Database rights and the place of re-utilisation
Kluwer Copyright Blog
April 18, 2011
Please refer to this post as:, ‘Database rights and the place of re-utilisation’, Kluwer Copyright Blog, April 18 2011, http://copyrightblog.kluweriplaw.com/2011/04/18/database-rights-and-the-place-of-re-utilisation/
By Gaetano Dimita
The football data clashes continue. This time, the Court of Appeals decided to bring an important aspect of the Dataco case (as mentioned here) to the attention of the Court of Justice:
Hearing the appeal and cross appeal on Football Dataco Ltd, The Scottish Premier League Limited, The Scottish Football League Limited and PA Sport UK Limited v Sportradar GmbH & and Sportradar AG  EWHC 2911 (Ch), the Court of Appeals (Lords Justices Laws, Jacob and Wilson) decided to refer the following questions to the Court of Justice of the European Union for a preliminary ruling:
‘Where a party uploads data from a database protected by sui generis right under Directive 96/9/EC onto that party’s webserver located in member state A and in response to requests from a user in another member state B the webserver sends such data to the user’s computer so that the data is stored in the memory of that computer and displayed on its screen
(a) is the act of sending the data an act of “extraction” or “re-utilisation” by that party?
(b) does any act of extraction and/or re-utilisation by that party occur: (i) in A only; (ii) in B only; or(iii) in both A and B?”.
The case involves the alleged infringement of Football Dataco Ltd’s copyright and sui generis right on a database of football matches’ goals scored, goal-scorers, penalties, yellow and red cards, etc. Sportradar provides a similar database collecting data on English and Scottish matches from public sources, and it stores its data on servers based in Germany and Austria. Nevertheless this data may be accessed from everywhere (including UK) through linking. Sportradar denied liability, and also argued that since they were neither based in the UK, nor conducting activities in the UK, the court had no jurisdiction.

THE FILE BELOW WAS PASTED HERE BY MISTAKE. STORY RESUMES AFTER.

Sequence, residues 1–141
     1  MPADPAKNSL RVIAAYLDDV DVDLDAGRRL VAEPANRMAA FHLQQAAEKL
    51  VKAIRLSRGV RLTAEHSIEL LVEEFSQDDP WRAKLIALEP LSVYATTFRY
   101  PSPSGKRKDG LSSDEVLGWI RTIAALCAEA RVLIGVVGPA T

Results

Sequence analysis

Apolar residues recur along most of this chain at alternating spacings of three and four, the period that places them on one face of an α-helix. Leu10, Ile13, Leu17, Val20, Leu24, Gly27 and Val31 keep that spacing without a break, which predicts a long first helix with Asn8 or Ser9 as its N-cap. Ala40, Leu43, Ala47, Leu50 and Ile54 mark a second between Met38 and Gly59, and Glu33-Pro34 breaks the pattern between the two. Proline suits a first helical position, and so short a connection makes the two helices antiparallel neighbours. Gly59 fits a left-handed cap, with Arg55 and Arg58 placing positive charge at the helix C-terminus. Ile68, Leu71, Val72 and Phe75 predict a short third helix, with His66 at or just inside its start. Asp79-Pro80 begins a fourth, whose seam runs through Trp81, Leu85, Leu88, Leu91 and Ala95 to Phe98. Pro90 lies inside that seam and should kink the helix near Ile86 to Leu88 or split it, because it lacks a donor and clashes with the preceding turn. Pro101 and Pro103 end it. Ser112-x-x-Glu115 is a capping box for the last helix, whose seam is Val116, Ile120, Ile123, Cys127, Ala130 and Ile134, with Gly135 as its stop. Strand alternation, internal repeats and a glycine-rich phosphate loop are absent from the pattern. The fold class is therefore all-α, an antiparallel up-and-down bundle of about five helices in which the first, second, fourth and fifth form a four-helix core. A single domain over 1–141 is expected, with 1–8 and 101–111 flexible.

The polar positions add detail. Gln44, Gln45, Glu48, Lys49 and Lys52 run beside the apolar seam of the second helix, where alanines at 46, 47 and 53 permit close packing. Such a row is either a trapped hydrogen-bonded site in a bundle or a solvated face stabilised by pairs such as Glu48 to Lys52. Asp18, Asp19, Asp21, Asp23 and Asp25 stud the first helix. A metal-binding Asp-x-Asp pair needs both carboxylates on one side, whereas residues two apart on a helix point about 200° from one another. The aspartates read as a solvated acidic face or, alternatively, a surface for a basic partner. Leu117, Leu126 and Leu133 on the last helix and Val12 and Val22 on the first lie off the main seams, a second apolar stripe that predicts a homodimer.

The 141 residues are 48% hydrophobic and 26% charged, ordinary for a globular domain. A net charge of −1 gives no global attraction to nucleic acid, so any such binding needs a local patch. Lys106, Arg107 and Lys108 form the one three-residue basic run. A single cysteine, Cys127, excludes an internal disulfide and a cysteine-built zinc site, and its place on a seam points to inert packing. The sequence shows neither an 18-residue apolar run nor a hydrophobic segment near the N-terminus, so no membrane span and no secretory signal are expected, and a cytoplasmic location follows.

In the precedent Chancery Division decision, Floyd J. on the basis of the evidence established that Sportradar had not reproduced Football Dataco’s database or extracted data from it in the UK. In order to answer the question whether and (perhaps even more grippingly) where re-utilisation of the database contents had taken place (Article 7(2)(b) Database Directive), the Judge, notwithstanding the point was not acte clair, deemed unnecessary to refer the question to the Court of Justice of the European Union, and concluded that ‘the act of making available to the public by online transmission is committed and committed only where the transmission takes place’.
The Court of Appeals, in contrast, decided to refer the questions above to the Court of Justice of the European Union. In making the reference, the court summarised the arguments at para  to  and decided it was not appropriate for the judges to form their own view about this very important and difficult questions.